On the other hand, Nigel, a friend from Japan (I met him there - obviously with a name like that he isn't actually from Japan), swears blind that you should work wholly in kana if you want to make the breakthrough.

On a personal level, I feel it is hard working with kana. Counter-intuitively, it became much easier for me once I started learning enough kanji. Kanji allow you to make sense of a sentence far more quickly than is possible in kana. Consider this simple line:
Watashi wa Eikokujin desu.
(I am British)
The top line, with its kanji, has some shape and texture, and with a little familiarity with the few kanji are instantly recognisable. The second line is all very samey and this problem is accentuated by the fact Japanese doesn't have spaces between words (though often they are when using kana).

Below the kana the romaji interpretation on the other hand is instantly recognisable - three decades of decoding the characters means I don't have to think for one second what is being said. The act of reading does not present a barrier for me.

But does it help me "get in the Japanese frame of mind"? Moreover, would relying on the romaji slow up my development of the ability to read effectively in Japanese. I think the answer to this second question would overwhelmingly have to be yes - but it depends very much on what you are trying to achieve.

Nigel studied Japanese at university. His aim was academic attainment and he would be tested on his written as well as spoken ability. It was imperative that he develop his skills on all fronts. Olly, by contrast, had little need for written language skills - he needed the language to speak to his wife, or more importantly to his in-laws.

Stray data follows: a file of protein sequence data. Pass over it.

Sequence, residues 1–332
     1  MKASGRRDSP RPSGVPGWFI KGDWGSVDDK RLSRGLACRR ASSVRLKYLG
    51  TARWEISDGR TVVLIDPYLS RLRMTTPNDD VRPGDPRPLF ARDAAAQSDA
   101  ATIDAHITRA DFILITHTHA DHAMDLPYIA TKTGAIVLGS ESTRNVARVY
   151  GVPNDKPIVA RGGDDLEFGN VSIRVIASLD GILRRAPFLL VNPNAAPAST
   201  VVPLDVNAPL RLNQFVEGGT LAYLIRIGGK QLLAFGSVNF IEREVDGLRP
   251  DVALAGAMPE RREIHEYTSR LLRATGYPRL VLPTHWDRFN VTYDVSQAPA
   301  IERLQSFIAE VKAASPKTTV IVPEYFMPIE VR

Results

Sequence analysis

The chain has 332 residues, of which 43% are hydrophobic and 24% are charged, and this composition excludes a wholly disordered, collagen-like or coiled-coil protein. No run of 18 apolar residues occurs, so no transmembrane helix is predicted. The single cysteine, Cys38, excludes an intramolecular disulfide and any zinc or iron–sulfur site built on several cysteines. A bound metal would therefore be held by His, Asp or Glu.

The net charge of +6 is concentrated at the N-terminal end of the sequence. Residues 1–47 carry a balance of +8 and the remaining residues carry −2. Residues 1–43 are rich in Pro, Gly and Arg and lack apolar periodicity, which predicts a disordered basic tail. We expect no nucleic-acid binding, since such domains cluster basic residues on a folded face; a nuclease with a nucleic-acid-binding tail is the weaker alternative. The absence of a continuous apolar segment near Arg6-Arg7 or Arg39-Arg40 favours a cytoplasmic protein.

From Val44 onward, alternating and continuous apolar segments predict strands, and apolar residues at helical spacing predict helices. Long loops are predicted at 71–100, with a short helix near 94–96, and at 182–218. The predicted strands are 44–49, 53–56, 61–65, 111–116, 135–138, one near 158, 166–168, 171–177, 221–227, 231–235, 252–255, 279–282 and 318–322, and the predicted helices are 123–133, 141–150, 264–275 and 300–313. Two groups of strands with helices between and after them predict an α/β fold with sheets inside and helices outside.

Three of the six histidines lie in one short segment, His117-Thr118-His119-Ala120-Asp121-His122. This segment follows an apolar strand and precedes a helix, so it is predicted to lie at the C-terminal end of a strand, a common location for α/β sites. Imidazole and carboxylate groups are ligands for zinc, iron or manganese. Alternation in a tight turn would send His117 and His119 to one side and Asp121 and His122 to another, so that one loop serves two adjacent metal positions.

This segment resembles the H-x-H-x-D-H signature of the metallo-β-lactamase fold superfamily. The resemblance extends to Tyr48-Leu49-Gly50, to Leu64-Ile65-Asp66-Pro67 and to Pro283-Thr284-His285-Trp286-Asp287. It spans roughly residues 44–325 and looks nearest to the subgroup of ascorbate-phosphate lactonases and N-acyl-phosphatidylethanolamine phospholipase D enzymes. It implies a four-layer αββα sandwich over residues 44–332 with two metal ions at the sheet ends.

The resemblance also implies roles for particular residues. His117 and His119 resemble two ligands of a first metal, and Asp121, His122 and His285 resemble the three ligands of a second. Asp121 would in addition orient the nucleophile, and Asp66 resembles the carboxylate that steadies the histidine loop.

My situation, much as I fantasise about being able to take up a bilingual position in a Japanese company, is much closer to Olly's. Perhaps I should take a leaf out of his book (he is, after all, a PhD) and ditch the kana and kanji and focus on building the vocab the easy way.

I look forward to following Tony's progress and seeing how he does and how he begins to benefit from the intermediate boost when you start being able to apply more kanji. Maybe in a few weeks (at the rate he is learning) we'll see. I'm curious to find out.

水曜日, 4月 11, 2007

A true challenge

I struggle with Japanese. Not so much the language itself, it's fairly logical, though I'd be the first to suggest I'm not so good at it.

No, I struggle to make the time for the study it requires. I labour and tussle with my time and never seem to make time for what is arguably the most important change I could make to my domestic arrangements. In this I suffer in learning the vital parts of the language that I need to be able to communicate - my vocabulary is terrible and without it, for all my understanding of the various tenses and conjugations, I understand very little of it.

In all my time (about six years now) I have only achieved the very modest level of JLPT4. Pathetic.

So it is some admiration that I look at my friend Tony of Englishman in Japan fame who is just now embarking on a crash course in Japanese at university in Kanazawa. He is expected to reach JLPT2 this year. A chum from my time in Japan, Nigel, struggled to get 2-kyuu after a year of living there, and four years of study at university here in the UK, so I appreciate it is one hell of a challenge that Tony has had thrown at him.

I'll be watching his progress closely.

月曜日, 4月 02, 2007

Try a Japanese second life!

One of the great ways to learn a language is to emmerse yourself in it, spend time amongst the natives and soak it up.

Easier said than done when your language of choice is Japanese and you live in the UK. So rather than give up, here's a way to do it: www.splume.com.

This is an emmersive online world much like Second Life, but aimed at the Japanese market and, apparently, following a somewhat different design philosophy. Whatever, I'm sure it would be fun.